The Suns would get to add a veteran point guard and two-way forward in Siakam whose on the path toward routine All-Star appearances.
After a first-round loss, would the Oklahoma City Thunder consider moving Russell Westbrook to acquire Williamson? The Suns could send Tyler Johnson's $19 million-plus contract (assuming he opts in) and TJ Warren to match salaries. They'd have a scary backcourt of Westbrook and Booker with Ayton anchoring the middle. Meanwhile, the Thunder could retool, keeping Paul George while adding Williamson to build around over the next decade.
Otherwise, Williamson should fit well enough at power forward in Phoenix. The Suns would immediately value his energy and competitiveness, regardless of how big of a star he becomes.
Chicago Bulls (12.5 Percent)
Chicago Bulls Get: Ben Simmons
Philadelphia 76ers: Zion Williamson
The Chicago Bulls will have more to talk about than most teams if they win the lottery. They added Lauri Markkanen and Wendell Carter Jr. with the No. 7 pick in each of the last two drafts, which leaves no room in the lineup for Williamson.
Chicago would probably prefer trading one of the incumbent bigs, both of whom have already been hit with tough injuries. Otherwise, it should cost an All-Star point guard to get the No. 1 pick from the Bulls.
Ben Simmons would be an interesting player for Chicago, and it may be worth finding out if the Sixers have concerns about his fit and ceiling without a jump shot. The Bulls would value a passer of his caliber to optimize Zach LaVine, Otto Porter Jr., Markkanen and Carter.
Chicago could also look to make a deal with the team that lands the second pick. Ja Morant, the nation's assist leader and an expected top-three pick, could compel the Bulls to move down a spot if he's packaged with a strong enough asset. Would the New Orleans Pelicans trade Jrue Holiday and No. 2 for Williamson? Would Bradley Beal and No. 2 be too much for the Washington Wizards to give up?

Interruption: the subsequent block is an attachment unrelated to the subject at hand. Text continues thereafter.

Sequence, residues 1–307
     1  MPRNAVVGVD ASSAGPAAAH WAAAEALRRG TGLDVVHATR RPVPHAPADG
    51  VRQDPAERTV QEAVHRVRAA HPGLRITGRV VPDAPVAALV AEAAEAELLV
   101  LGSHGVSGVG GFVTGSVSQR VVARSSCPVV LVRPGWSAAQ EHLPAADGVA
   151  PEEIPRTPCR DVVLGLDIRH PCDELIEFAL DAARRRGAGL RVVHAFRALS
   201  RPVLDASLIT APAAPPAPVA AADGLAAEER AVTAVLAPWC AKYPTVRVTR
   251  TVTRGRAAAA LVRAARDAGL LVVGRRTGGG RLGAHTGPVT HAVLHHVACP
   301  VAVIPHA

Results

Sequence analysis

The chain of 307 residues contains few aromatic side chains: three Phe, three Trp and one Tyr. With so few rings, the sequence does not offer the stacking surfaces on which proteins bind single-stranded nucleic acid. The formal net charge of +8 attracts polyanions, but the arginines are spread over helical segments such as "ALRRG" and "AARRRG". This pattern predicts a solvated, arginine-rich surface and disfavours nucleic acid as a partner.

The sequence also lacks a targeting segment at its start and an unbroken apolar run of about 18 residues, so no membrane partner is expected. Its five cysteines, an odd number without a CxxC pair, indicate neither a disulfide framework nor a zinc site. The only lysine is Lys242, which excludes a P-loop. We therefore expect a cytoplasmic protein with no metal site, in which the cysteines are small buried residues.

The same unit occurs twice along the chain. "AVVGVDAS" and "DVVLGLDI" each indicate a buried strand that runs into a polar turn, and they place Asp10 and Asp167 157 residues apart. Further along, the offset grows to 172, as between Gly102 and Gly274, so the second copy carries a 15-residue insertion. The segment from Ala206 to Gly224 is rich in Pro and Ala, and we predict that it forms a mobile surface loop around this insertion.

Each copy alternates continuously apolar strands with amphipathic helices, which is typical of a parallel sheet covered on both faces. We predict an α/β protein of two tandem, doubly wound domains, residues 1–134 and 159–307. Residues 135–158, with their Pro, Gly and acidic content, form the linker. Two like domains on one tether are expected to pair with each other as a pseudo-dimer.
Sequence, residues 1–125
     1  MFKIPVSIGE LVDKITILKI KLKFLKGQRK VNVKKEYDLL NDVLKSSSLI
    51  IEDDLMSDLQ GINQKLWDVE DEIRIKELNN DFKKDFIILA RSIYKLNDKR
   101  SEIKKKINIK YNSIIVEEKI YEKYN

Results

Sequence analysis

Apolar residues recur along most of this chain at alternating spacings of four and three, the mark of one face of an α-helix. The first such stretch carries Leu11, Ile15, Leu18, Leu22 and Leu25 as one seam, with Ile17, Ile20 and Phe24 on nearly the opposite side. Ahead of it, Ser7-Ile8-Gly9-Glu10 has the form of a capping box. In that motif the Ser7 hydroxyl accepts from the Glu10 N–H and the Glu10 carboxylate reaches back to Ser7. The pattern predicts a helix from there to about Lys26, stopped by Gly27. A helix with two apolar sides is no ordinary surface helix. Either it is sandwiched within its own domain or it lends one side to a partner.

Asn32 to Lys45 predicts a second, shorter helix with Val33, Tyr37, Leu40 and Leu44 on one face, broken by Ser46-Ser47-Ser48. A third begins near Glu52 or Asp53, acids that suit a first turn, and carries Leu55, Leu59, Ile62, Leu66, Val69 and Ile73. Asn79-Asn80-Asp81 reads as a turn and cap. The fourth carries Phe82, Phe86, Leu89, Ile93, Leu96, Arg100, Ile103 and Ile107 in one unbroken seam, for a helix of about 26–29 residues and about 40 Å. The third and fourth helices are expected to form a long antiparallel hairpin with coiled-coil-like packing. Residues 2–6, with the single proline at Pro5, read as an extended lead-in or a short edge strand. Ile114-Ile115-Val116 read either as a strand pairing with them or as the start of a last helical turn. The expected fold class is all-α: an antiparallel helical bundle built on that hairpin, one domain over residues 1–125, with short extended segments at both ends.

Atlanta Hawks (10.5 Percent)
Atlanta Hawks Get: Bradley Beal, Wizards' first-round pick (projected No. 6)
Washington Wizards Get: Zion Williamson, Kevin Huerter, Kent Bazemore
Trae Young, John Collins and Williamson? Or Young, Collins and an elite NBA wing scorer?
The Atlanta Hawks could check on the availability of the league's top 2s and 3s—a player type that could fill a hole.
The Washington Wizards jump out as a team with which Atlanta should talk. They have to at least explore trading Beal after John Wall's severe Achilles injury and the Otto Porter Jr. swap with the Chicago Bulls. Keeping him means wasting his prime years during losing seasons.
The Hawks have the salary fillers (Kent Bazemore and Mason Plumlee) to get a deal done. Beal and the Wizards' first-round pick (projected at No. 6) for Williamson plus other minor pieces is intriguing.
Atlanta would then have its point guard of the future in Young, a developing inside-out big in Collins and an All-Star wing scorer in Beal.
Washington Wizards (9 Percent)
Washington Wizards Get: Jayson Tatum, Marcus Smart, Robert Williams
Boston Celtics Get: Zion Williamson, Ian Mahinmi
With John Wall out for most—if not all—of next season while earning over $37 million every year until 2023 (2022-23 player option for almost $47M), having Williamson on a rookie contract sounds ideal.
It's tough to imagine Washington entertaining any offers for the No. 1 pick unless they involve a young All-Star or a package of potential stars from a team like the Boston Celtics.
Washington could look to pair Beal with Tatum and Smart while developing 2018 first-rounder Williams into the future starting center.
Otherwise, the Wizards will have to endure the devastating effects of Wall's injury with patience. If Washington wins the lottery, the bigger question will focus on Beal and whether the team wants to compete with him and Williamson or start from scratch and flip the shooting guard for young players and picks.
Instead of shopping No. 1 overall, Washington may be wiser to contact Boston or the Los Angeles Lakers about their interest in Beal.